Despite well-funded campaigns of disinformation, Austin has been implementing a plan to address homelessness. First adopted in 2018, the initial Action Plan to End Homelessness continues to evolve and adapt, including to new and unforeseen challenges compounded by the pandemic. In the last two years, we have acted on the plan, and expanded it to include a growing and comprehensive suite of solutions and programs – including public space management & cleanups, rapid rehousing & shelter, permanent supportive housing, substance abuse & mental health services, and supportive services that help people stay in the housing they have and avoid becoming unhoused altogether. Solutions are crucial to District 6, and I have not shied away from this challenge, making it the focus of the October 19 meeting of the Council's Public Safety Committee (of which I am chair).  It will grow to an incredibly comprehensive system that helps get us to a future where homelessness is brief, rare, and non-recurring.

While this system is scaling up, let’s be honest: No one is satisfied with the current options afforded to those who are unhoused. Camping under overpasses is not ideal for anyone. But it has never been our long-term solution. We can't pretend that homelessness is some new issue facing the city, or that 2019's ordinance changes can be blamed for a long history of homelessness issues in Austin. Prior attempts to escalate police enforcement did not magically solve the problem. And while people experiencing homeless are far more likely to be a victim of crime than a perpetrator, we deserve better solutions from the State to more effectively address repeat offenders of non-violent crimes like aggressive panhandling or property crime where long-term imprisonment is both unconstitutional and unsustainable.

 

My opponent has centered her campaign and recent public “advocacy” around politicizing and mocking the plight of those experiencing homelessness. We can all agree that there is no magic solution to homelessness yet my opponent's only offering is that somehow making it illegal will make it go away. District 6 is smarter, more thoughtful, and kinder than that.

On Public Safety Reform

 

Let’s be clear: "Defund" is a complete misnomer for the important and fiscally responsible work we are doing and have been doing for several years. I covered much on this topic, and the path forward, in posts from June and again in August.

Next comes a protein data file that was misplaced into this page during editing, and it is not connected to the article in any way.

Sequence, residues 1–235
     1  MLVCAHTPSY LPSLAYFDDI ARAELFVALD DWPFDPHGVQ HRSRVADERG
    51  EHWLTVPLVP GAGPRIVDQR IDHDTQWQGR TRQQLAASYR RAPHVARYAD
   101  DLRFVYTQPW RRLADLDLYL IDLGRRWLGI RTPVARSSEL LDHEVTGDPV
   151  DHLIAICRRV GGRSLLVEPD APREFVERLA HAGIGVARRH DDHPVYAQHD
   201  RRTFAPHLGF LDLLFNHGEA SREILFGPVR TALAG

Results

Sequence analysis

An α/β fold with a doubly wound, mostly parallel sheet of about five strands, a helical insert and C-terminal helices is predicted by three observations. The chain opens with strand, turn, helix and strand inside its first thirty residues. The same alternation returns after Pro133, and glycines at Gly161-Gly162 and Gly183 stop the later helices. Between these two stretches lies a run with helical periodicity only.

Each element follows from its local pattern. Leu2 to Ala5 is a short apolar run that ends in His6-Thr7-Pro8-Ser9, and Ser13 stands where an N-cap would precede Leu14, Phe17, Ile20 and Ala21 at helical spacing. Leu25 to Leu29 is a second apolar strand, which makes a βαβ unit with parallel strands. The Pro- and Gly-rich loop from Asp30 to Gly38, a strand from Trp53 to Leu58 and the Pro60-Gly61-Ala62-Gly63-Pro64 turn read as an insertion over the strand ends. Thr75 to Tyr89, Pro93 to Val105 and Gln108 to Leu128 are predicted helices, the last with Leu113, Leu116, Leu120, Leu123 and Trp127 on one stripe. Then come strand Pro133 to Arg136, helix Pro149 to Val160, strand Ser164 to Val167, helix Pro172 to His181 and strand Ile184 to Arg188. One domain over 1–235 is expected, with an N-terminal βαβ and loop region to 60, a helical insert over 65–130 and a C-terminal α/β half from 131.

Policing as the primary solution to social problems is fiscally unsustainable. The police budget has nearly doubled in the last 10 years, while the population grew by only 30%. We need new services that can better target the problems and address root causes – all while being more affordable and allowing our officers to focus on the very challenging and dangerous tasks for which they are best suited and specifically trained.

As Chair of the Council's Public Safety Committee*, I continue to lead thoughtful and pragmatic public discussions with APD leadership, and listen to community experts, city staff, and front-line officers about how to build a better suite of public services that ensure Austin remains the safest central city in America.

 

As with all of the issues facing our city, my opponent offers no solutions to the actual challenges of public safety and simply advocates for more money and political posturing. Fantastical notions of rising crime stats have been used as a cynical, political wedge, achieving a rare trifecta of Half True, Mostly False, and Pants on Fire ratings by Politifact. We cannot simply increase taxes to solve our community’s problems, and my opponent has expended zero intellectual capital thinking, imagining, or planning beyond that dead end.

Action vs. Chatter

There are serious challenges ahead for Austin. The COVID pandemic is spreading again, homelessness and public safety reform work continues without a clear conclusion, and the continued affordability crisis puts essential workers, our loved ones, our seniors, and other vulnerable populations at risk. I am ready to continue stepping up. I believe I have earned the trust of the community. And now, I just need your vote in December to ensure these problems get solved.

It's Runoff Election time, District 6 – and the choice could not be clearer.


I am in a runoff election in December and need your support to continue this important work! Make a donation  Sign up to Volunteer  Add your name to our public supporters list

* You can watch the Public Safety Committee meetings live or archived on atxn.tv as we seek a future where we are investing in prevention, community support, and improved training as we build a public safety ecosystem that is both effective and sustainable.